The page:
The Golden Age Of Heroes: Justice Society World War II

We speak to Justice Society: World War II stars Matt Bomer and Elysia Rotaru about taking on two of DC’s iconic roles…

“All I remember doing was reading [the script] over and over for like two days and I just remember… I think I cried!” actor Elysia Rotaru says, remembering when she first got the role of Black Canary in the latest DC animation movie, Justice Society: World War II. “I still have moments of tears of joy where I’m like: ‘This is so unreal’”

Indeed, the studio has been knocking it out of the park recently with its animated movies, ranging from light-hearted takes on Seventies kung-fu films with this year’s Batman: Soul of the Dragon to the devastating Justice League Dark: Apokolips War which saw some of DC’s icons find themselves on the wrong side of good and evil. 

That momentum seems to be continuing with Justice Society: World War II which sees our favourite speedster the Flash (aka Barry Allen) accidentally jump to the rather unfortunate (and dangerous) moment in time of the mid-Forties and smack bang in the middle of the second world war. Even though we’ve seen Barry Allen time-jump in plenty of comic books, TV series and films, in JS: WWII this is definitely a new experience for him. In fact, this is a whole new take on time-jumping and on the character itself.

“As an actor, you’re always working on the script you have,” actor Matt Bomer tells us, who plays the Flash. “So even though you have these really deeply ingrained ideas of who these characters are from years of loving these iconic heroes, you have to really focus on the story with this character in this particular film.”

Barry Allen finds himself in the middle of World War II…

Indeed, this is a different, rather naive and young Barry Allen we see in Justice Society: World War II,  who is quite new in his heroic career and is desperately trying to maintain a healthy balance between hero work and his relationship with his girlfriend Iris West. “His mind is in a million different places,” Bomer continues. “He’s completely scattered. He’s trying to do ten different things at once and he can’t really be present in his relationship with Iris and in his life. It’s only through his encounter with the Justice Society that he really starts to understand how we have to appreciate what we have at the moment and really be present in our lives, and the rewards we get from relationships when we take the time to really just be present with one person.”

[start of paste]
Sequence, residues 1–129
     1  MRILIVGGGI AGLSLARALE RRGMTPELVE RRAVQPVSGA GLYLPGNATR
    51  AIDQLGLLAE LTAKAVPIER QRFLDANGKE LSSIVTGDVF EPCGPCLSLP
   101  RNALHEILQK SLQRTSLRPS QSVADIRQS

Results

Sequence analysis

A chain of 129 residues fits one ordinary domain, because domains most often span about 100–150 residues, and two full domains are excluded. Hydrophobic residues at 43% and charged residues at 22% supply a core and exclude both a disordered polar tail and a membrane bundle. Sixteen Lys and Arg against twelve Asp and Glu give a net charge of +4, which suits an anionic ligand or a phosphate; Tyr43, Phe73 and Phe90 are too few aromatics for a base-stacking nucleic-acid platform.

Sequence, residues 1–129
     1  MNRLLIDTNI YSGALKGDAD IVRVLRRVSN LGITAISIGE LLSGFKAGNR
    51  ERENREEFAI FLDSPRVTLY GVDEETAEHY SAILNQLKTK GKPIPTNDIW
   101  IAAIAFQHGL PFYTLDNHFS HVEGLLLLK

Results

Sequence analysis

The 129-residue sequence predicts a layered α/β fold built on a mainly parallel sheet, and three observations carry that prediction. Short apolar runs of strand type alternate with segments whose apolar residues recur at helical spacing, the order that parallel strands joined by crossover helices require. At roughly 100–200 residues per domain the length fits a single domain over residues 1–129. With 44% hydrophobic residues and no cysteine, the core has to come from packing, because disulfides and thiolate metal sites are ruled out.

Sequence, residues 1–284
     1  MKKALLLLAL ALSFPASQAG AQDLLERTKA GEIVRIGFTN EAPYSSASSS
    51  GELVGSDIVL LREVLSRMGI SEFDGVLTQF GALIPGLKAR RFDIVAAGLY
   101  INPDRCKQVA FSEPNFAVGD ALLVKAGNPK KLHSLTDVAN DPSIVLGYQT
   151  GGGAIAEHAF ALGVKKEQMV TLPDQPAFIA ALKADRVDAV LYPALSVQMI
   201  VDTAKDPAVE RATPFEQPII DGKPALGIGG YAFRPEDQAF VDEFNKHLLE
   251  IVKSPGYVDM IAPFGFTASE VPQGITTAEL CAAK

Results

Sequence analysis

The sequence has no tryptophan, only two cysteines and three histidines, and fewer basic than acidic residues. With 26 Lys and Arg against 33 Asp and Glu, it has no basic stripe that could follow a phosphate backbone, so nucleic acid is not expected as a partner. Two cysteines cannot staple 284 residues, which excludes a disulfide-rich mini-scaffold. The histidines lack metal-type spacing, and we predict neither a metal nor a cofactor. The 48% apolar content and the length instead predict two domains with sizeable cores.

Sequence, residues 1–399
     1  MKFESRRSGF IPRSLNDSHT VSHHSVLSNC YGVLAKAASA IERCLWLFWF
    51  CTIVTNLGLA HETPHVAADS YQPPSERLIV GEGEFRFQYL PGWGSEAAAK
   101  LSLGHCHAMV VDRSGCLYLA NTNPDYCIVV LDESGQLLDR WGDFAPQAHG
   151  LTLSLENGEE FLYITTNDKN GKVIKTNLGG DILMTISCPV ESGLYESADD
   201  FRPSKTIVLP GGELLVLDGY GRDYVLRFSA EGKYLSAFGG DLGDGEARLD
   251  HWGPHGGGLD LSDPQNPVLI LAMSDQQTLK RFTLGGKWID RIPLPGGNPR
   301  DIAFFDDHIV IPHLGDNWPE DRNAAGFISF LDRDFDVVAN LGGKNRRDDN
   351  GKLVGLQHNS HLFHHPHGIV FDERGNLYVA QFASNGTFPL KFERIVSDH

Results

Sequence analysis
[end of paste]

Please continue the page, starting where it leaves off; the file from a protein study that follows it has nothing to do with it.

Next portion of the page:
Ah yes, the Justice Society. Being accidentally thrown into a world war might be tough enough on even the most laid-back of people. However, Barry is also thrown right into the path of DC’s Golden Age of Heroes who have formed to become the Justice Society of America, including the aforementioned Black Canary, Wonder Woman (Stana Katic), Hawkman (Omid Abtahi), Hourman (Matthew Mercer) and… the Flash?! This time in the form of Jay Garrick (voiced by Armen Taylor).

“It’s really shocking and jarring, particularly when he finds his new relationship to his powers in this different world,” Bomer says of Barry meeting Jay. “I think he’s really having to process and cope with a lot, on the move, as things are happening and transpiring. But what I loved about it is the fact that they’re able to coalesce and find ways to work together and use both their powers together in order to achieve things that they normally won’t be able to do on their own.”

Justice Society World War II
The two Flashes join up to achieve the seemingly impossible.